But there is no time to be preoccupied about not having time either, there isn’t time even for that. That is the puzzle, and that is the stoic wisdom as well. How to enjoy something that’s not precisely enjoyable? ah, but that choice, remains in our control my friend, wonderfully so.

No activity can be successfully pursued by an individual who is preoccupied … since the mind when distracted absorbs nothing deeply, but rejects everything which is, so to speak, crammed into it. Living is the least important activity of the preoccupied man; yet there is nothing which is harder to learn… Learning how to live takes a whole life, and, which may surprise you more, it takes a whole life to learn how to die.


Things take time, it’s not so easy as to clicking in your phone and getting the rewards of life, instantaneously.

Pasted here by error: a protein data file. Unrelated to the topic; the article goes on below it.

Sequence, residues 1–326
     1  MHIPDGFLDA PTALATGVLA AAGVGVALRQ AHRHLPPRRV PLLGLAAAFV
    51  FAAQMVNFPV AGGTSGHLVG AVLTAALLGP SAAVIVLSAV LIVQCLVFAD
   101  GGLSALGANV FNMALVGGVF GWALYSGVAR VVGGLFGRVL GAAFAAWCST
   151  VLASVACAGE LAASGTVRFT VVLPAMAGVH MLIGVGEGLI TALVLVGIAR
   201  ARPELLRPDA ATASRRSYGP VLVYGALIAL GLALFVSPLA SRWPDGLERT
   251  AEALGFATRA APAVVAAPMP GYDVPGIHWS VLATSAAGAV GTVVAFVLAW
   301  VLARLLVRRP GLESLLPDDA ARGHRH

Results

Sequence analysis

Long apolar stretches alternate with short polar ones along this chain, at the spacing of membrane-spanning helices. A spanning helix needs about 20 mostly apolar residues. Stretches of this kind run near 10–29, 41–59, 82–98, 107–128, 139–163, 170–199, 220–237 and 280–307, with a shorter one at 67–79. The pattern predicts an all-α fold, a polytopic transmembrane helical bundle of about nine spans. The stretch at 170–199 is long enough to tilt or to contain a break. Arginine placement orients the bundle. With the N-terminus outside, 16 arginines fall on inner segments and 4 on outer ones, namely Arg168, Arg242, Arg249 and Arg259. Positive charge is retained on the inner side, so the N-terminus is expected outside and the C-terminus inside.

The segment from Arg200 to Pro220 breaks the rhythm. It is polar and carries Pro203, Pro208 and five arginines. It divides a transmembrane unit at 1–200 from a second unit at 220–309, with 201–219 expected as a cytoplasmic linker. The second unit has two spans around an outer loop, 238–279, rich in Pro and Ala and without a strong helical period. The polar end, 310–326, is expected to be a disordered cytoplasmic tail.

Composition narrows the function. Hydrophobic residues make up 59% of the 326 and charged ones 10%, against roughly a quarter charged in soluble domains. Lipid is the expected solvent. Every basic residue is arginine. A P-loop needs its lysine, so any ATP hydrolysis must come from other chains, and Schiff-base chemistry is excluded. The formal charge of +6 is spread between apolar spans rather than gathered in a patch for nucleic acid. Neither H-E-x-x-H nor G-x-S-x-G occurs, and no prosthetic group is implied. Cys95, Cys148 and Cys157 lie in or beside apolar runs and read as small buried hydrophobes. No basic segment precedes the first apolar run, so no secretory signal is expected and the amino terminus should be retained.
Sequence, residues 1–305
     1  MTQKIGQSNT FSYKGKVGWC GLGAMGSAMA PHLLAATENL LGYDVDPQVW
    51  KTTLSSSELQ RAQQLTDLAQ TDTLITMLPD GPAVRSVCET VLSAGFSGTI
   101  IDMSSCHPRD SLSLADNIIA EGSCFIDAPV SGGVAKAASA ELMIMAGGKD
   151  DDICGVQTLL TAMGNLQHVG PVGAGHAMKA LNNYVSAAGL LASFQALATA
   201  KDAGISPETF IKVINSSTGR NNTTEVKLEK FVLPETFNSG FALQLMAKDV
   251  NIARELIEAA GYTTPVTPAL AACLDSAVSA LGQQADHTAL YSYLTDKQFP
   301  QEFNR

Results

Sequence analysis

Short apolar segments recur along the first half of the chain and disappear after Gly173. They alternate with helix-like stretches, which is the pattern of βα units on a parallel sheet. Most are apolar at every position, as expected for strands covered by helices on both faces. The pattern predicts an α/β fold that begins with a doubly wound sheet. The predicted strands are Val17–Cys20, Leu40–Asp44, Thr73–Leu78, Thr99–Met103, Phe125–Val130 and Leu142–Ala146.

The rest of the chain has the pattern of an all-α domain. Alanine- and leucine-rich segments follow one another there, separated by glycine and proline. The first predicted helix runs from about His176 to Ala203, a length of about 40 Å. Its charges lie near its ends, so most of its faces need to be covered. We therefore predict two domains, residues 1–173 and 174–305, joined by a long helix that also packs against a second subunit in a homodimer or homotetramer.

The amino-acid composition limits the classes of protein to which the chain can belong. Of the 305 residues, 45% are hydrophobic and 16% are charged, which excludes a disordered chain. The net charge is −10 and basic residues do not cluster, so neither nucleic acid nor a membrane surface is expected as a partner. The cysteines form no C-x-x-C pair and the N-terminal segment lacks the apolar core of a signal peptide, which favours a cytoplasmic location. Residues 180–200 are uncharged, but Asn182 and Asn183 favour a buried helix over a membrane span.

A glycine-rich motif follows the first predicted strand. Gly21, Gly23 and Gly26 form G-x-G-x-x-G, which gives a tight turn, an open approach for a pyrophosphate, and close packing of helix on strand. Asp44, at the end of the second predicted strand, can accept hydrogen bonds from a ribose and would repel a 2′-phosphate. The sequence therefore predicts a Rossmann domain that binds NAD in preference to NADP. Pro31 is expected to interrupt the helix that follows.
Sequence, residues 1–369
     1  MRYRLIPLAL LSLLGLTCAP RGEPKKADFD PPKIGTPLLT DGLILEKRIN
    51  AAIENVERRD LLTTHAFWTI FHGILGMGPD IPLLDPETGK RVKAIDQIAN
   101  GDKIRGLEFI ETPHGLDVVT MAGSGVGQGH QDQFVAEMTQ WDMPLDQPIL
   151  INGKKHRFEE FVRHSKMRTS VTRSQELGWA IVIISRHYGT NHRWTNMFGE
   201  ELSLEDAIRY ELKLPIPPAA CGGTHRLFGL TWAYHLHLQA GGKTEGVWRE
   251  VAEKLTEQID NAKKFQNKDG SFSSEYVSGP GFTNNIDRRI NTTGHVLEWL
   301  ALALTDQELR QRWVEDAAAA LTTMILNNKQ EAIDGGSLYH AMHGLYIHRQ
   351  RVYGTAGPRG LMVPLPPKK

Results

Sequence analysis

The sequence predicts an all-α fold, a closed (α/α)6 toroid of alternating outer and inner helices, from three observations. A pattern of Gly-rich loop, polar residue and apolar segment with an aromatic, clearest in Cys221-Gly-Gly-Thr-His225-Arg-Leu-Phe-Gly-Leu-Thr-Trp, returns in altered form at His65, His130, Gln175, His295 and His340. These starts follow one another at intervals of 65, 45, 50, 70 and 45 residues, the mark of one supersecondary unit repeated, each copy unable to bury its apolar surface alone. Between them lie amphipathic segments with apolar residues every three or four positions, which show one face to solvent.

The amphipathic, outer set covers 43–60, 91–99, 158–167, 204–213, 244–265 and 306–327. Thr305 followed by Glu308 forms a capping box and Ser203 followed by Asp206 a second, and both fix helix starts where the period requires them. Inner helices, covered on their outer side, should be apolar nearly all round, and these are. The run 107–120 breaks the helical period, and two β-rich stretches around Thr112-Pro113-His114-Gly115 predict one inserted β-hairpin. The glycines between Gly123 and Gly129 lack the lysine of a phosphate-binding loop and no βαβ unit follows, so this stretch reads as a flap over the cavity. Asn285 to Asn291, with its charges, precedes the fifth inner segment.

The rewards of life come with hard work, sweat and sometimes tears. And this you know I’m sure.

Anything worthwhile takes time and effort.

The world we live in

There is something wrong with our “social-digital world” and that is that we only see the rewards of life, constantly, daily. You only see the perfect engagement dinner, the trip to the beach, the smiling faces, you just see the rewards and you don’t see the entirety of life. Naturally, you start craving more and more the rewards and wonder, even subconsciously, why you are not living happily all the freaking time.

But you don’t even want this. Trust me, you don’t want the benefits without the work and it’s just terrible to think that the work and the other parts of life aren’t something to be enjoyed and lived fully.

Reminiscent of Aldous Huxley’s Brave New World: